The effort required to socially engineer a click, for an aggrieved employee or contractor to abuse trust, or for a someone to make a mistake is very low
We are often led to believe, in our current age of huge data breaches and advanced persistent threats, that we should be primarily concerned for the direct assault by advanced cyber warriors against our information, our customers and our citizens. Others stoke our fears of the dark web, and the multitude of hidden services that exist there. A myriad of technologies are offered to counter these threats and every month there are yet new problems that we are asked to take notice of and solve (usually with blockchain).
The truth is, that by exclusively focusing our attention on these stories, we are downplaying what is hurting us here in New Zealand.
Forty six per cent of all reported security incidents to CERT NZ are related to phishing attacks and credential theft using phishing. It remains the easiest method to execute attacks against targets to obtain further access, privileged credentials, or fraudulent transactions. The common denominator here is our people.
New Zealand feels far away from many of the world’s cyber problems. We believe that it will never happen to us; that no one would take the trouble to attack us. We are a nation of small businesses, so why would criminals target us when we don’t have the sums of money that we see scammed from large US and European corporations? The answer is simple – we are plugged in.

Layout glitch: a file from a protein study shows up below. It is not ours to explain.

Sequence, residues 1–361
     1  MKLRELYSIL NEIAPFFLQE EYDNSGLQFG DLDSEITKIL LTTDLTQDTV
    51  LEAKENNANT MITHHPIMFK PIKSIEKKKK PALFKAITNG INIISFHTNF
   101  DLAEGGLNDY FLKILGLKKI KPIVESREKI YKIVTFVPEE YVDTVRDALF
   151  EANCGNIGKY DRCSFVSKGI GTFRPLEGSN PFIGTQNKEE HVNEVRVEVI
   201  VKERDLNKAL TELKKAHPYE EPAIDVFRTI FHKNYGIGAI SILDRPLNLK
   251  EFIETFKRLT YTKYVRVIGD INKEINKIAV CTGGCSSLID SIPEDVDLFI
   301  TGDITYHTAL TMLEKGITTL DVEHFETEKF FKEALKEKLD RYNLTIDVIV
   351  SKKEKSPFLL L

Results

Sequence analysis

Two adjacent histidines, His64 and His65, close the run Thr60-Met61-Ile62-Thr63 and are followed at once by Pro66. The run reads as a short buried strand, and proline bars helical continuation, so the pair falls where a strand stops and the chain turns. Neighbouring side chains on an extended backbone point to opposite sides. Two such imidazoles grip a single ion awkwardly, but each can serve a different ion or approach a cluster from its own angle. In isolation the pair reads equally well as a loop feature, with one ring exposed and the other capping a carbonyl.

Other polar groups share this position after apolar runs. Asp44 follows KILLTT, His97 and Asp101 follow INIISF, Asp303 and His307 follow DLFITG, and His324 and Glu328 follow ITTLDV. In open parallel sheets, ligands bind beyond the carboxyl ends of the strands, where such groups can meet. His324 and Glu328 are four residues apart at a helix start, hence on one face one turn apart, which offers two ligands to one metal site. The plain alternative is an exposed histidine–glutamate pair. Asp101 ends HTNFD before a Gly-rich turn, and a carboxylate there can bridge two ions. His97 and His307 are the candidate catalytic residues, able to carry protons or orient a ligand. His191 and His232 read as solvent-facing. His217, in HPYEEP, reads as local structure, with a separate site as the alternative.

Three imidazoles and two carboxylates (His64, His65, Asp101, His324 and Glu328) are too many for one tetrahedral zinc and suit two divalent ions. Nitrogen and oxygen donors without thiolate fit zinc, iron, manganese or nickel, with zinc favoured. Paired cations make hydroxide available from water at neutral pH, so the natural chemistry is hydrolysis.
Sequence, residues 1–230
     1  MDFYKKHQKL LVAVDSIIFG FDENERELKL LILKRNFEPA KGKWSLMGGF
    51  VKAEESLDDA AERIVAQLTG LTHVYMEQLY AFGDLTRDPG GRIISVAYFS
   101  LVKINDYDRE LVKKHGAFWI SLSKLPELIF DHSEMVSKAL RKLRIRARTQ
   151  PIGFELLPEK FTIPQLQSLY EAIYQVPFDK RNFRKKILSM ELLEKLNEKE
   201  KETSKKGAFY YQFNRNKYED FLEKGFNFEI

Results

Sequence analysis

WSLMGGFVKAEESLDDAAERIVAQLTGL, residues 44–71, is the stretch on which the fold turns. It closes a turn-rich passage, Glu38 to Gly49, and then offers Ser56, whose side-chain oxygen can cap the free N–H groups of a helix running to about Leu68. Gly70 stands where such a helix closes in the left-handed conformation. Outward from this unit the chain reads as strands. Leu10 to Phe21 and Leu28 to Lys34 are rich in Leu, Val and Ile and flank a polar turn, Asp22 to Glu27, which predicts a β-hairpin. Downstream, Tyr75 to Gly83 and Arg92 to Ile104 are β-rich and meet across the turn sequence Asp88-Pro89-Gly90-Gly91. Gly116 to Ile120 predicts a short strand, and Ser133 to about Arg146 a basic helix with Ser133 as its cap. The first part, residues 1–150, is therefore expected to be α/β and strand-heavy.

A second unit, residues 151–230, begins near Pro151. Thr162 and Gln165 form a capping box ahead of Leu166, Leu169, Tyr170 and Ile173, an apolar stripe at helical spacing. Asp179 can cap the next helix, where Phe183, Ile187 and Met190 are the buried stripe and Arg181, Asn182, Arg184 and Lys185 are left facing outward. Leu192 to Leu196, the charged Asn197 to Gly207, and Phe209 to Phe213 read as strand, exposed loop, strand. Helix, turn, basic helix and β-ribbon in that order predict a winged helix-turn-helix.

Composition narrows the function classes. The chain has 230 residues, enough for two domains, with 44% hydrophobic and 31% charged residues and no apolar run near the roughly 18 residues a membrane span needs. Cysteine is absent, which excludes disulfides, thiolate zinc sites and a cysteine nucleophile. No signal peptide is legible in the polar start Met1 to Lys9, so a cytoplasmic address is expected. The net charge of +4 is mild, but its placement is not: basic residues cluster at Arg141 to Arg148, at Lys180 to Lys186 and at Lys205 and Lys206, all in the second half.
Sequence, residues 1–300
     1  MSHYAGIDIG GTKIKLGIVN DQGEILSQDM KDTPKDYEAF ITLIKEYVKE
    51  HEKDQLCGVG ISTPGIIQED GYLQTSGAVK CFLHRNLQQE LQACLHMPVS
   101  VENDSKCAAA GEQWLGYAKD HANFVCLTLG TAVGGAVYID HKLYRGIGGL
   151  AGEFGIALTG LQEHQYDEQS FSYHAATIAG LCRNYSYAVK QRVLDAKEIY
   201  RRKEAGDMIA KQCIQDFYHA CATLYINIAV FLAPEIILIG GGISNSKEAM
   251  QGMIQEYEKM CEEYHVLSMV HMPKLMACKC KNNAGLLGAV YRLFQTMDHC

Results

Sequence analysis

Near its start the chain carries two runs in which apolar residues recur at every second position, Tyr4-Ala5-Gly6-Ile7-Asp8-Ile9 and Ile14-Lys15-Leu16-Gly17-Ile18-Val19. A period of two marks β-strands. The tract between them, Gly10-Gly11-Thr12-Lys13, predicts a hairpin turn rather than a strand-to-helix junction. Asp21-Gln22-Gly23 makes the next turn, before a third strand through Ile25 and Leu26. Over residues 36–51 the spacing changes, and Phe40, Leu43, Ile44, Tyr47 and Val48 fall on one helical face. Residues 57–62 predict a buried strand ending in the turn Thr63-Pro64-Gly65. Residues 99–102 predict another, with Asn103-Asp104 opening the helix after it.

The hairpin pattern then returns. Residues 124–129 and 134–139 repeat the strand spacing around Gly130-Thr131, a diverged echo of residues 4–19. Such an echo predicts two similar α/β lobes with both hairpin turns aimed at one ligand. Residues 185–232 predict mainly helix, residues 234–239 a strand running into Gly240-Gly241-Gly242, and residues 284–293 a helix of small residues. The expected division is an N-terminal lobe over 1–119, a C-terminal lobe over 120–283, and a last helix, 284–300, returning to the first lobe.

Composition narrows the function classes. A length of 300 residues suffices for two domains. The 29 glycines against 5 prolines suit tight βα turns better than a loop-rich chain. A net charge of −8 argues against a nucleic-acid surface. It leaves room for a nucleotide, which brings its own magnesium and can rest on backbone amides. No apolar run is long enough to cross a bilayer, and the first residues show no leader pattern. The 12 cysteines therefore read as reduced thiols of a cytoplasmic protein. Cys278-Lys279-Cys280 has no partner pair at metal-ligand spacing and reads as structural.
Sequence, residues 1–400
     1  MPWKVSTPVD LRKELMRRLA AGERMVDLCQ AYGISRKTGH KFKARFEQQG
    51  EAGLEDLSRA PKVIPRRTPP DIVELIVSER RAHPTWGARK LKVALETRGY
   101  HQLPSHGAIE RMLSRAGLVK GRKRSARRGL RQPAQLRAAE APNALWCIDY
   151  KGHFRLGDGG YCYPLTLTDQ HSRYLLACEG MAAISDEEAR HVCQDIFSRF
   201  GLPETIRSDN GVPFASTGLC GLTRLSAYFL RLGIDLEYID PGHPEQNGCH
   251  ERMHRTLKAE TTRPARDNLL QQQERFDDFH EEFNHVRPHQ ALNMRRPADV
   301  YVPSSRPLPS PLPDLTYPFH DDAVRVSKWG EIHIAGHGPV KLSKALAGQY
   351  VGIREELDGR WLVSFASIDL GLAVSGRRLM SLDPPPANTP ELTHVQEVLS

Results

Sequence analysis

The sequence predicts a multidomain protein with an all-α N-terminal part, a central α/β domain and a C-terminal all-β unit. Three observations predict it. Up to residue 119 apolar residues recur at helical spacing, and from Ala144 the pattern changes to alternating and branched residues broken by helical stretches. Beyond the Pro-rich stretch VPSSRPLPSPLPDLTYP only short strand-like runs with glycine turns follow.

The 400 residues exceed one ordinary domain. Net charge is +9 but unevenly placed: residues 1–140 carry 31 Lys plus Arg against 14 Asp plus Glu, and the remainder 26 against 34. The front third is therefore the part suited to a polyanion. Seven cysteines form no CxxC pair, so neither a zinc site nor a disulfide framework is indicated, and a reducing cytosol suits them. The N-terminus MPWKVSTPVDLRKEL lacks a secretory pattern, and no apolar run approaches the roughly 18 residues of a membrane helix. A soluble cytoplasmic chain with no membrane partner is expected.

Digitally, we are less than 200 milliseconds away from the furthest countries. New Zealanders reportedly lost over $9million between April 2017 and May 2018 due to cyberattacks.
The effort required to socially engineer a click, for an aggrieved employee or contractor to abuse trust, or for a someone to make a mistake is very low. We are caught up in targeted attacks and are collateral damage in large global scams. The return on investment is high, and the risk to the attackers is low.
But the internet continues to be the catalyst for growth in New Zealand: Growth in retail services, growth in government engagement with citizens and growth in the innovation that New Zealanders can be rightly proud of. It is clear that we must continue to leverage the opportunities that the Internet presents.
We should examine what is important. For business and government, the education of our people on the security risks inherent in the processing and transmission of information must be the priority. They are the first line of defence and the largest attack surface of our organisations.
The challenge to successfully enabling this defence is the activation of our people as assets. Unfortunately, we have treated this as a compliance exercise for many years. Posters, emails, and senior management hammer home a message of behavioural necessity – think about our profession, think about our customers, think about your job… These are negative enforcers.
You know we use behavioural economics in many fields today – it underpins a lot of digital marketing and social policy. But we haven’t yet fully embraced this in security. We don’t positively incentivise good security behaviours.